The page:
The Empire of Japan entered World War II by attacking Pearl Harbor in December 1941. The Japanese then launched offensives against Allied forces in East and Southeast Asia, with simultaneous attacks on Hong Kong, British Malaya and the Philippines. On February 15, 1942, Singapore, due to the overwhelming superiority of Japanese forces and encirclement tactics, fell to the Japanese, causing the largest surrender of British-led military personnel in history. The Japanese then seized the key oil production zones of Borneo, Central Java, Malang, Cepu, Sumatra, and Dutch New Guinea of the late Dutch East Indies, defeating the Dutch forces. The Japanese then consolidated their lines of supply through capturing key islands of the Pacific, including Guadalcanal.
In May 1942, failure to decisively defeat the Allies at the Battle of the Coral Sea, in spite of Japanese numerical superiority, equated to a strategic defeat for Imperial Japan. This setback was followed in June 1942 by the catastrophic loss of four fleet carriers at the Battle of Midway, the first decisive defeat for the Imperial Japanese Navy. It proved to be the turning point of the war as the Navy lost its offensive strategic capability.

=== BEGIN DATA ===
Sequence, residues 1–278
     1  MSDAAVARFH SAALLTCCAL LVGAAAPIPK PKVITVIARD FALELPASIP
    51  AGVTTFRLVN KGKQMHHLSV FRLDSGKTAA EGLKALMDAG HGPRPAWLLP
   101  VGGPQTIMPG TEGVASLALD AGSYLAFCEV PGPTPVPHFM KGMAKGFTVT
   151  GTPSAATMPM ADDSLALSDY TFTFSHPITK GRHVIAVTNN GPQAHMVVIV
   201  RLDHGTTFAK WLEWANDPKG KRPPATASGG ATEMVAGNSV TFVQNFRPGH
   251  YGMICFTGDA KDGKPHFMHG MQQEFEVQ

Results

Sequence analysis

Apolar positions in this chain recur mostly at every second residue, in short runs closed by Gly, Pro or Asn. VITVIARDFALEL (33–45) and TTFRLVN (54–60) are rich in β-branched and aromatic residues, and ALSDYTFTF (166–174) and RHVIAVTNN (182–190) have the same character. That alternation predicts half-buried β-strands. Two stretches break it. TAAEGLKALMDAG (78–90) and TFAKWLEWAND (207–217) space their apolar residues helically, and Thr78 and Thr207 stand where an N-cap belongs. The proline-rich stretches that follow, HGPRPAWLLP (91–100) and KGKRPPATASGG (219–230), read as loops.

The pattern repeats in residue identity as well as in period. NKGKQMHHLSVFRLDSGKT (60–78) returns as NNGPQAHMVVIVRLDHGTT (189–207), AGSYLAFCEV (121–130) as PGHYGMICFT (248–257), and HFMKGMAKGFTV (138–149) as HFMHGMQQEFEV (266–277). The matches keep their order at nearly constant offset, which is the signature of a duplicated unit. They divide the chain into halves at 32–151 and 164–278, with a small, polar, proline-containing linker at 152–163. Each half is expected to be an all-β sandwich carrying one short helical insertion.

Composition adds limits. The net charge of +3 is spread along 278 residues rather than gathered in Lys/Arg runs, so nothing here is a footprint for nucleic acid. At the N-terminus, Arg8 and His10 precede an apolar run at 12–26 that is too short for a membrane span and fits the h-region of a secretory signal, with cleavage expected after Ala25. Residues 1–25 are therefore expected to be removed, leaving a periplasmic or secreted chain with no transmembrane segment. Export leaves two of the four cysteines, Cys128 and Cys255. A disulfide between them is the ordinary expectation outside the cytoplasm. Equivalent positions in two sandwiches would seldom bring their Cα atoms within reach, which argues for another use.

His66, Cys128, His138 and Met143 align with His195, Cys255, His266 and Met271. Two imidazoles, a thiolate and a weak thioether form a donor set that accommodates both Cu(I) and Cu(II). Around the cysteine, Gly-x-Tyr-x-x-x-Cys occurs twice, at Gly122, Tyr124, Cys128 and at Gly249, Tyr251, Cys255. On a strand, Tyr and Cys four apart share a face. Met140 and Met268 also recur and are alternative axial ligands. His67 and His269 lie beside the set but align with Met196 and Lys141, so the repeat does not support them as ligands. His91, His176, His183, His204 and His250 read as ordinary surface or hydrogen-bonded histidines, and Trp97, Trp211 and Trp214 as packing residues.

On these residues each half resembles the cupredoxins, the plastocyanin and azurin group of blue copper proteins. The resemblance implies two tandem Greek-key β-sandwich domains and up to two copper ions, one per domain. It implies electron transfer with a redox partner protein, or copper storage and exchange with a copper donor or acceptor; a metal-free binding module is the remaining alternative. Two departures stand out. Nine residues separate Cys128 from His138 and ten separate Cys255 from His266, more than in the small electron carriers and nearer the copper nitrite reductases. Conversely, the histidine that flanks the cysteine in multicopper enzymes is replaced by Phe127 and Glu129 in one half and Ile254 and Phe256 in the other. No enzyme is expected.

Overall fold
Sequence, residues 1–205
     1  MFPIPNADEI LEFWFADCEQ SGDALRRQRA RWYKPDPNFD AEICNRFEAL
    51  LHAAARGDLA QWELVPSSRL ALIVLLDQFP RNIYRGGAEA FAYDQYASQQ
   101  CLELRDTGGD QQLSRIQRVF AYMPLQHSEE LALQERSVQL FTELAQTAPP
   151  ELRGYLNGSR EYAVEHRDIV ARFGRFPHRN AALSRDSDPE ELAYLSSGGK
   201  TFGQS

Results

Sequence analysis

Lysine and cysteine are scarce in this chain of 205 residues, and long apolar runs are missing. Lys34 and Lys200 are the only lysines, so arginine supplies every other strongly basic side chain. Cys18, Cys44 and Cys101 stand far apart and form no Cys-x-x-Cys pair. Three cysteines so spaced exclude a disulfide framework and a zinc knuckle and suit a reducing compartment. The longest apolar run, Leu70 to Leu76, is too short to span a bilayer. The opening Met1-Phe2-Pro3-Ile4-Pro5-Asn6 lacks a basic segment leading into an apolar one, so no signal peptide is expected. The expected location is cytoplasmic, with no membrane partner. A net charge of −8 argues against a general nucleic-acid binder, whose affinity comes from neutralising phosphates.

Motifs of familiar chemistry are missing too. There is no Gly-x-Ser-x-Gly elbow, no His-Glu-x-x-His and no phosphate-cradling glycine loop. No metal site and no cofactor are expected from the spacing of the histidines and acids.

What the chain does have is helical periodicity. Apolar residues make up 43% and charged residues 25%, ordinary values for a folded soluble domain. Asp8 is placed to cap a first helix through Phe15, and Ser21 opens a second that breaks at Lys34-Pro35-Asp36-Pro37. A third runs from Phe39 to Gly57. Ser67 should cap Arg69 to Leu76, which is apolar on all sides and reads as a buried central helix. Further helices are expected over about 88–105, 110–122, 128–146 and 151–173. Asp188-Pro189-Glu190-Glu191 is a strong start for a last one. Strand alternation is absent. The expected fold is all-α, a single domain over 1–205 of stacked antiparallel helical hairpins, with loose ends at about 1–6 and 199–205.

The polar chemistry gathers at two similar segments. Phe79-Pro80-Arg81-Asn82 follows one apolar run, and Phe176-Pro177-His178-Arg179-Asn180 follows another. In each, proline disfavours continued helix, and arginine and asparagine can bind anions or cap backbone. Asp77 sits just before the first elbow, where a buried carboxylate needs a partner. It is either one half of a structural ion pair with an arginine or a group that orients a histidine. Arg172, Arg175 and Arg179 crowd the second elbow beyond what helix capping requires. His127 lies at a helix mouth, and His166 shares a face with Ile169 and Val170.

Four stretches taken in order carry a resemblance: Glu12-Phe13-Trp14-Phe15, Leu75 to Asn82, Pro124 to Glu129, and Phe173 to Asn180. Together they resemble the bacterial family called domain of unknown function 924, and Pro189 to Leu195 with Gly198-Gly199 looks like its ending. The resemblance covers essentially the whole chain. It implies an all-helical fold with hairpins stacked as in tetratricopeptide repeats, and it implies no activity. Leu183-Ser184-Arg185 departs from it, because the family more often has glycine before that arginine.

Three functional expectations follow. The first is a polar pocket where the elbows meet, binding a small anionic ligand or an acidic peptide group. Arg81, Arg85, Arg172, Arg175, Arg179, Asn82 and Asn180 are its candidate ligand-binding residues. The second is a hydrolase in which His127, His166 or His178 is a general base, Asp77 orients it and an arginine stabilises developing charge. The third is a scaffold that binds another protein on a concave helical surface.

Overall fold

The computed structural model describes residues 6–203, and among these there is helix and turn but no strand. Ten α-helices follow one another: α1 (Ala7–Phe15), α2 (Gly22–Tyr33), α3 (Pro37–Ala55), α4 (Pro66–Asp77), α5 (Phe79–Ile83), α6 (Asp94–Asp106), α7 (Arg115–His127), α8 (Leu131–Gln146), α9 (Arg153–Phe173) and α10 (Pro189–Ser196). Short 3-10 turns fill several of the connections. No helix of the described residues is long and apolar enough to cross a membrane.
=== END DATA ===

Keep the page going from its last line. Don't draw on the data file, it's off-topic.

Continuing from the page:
In mid-August 1945, the United States dropped nuclear weapons on the Japanese cities of Hiroshima (August 6) and Nagasaki (August 9). Having ignored the Potsdam Declaration, the Empire of Japan surrendered and ended World War II, after the atomic bombings of Hiroshima and Nagasaki and the declaration of war by the Soviet Union. In a national radio address on August 15, Emperor Hirohito announced the surrender to the Japanese people.